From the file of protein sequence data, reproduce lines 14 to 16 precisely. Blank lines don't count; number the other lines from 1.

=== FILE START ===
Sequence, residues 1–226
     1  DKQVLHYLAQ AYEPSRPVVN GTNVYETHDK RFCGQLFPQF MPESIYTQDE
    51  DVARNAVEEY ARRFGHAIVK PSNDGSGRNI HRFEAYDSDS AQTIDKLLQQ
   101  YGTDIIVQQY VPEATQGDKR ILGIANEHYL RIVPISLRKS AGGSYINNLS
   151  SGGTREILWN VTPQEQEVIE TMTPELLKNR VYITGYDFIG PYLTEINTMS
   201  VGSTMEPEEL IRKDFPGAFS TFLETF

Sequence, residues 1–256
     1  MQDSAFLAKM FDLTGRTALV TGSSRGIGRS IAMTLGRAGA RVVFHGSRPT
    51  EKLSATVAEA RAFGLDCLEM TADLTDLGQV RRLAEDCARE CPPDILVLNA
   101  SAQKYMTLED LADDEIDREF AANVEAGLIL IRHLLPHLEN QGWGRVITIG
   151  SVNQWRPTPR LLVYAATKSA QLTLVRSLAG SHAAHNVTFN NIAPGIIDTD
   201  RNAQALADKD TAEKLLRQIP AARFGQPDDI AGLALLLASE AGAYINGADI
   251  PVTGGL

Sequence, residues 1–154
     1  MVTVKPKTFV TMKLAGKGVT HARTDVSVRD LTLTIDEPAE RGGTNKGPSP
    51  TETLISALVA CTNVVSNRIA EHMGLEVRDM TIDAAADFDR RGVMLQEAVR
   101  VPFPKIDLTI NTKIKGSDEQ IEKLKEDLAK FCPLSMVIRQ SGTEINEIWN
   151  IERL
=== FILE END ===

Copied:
Sequence, residues 1–154
     1  MVTVKPKTFV TMKLAGKGVT HARTDVSVRD LTLTIDEPAE RGGTNKGPSP
    51  TETLISALVA CTNVVSNRIA EHMGLEVRDM TIDAAADFDR RGVMLQEAVR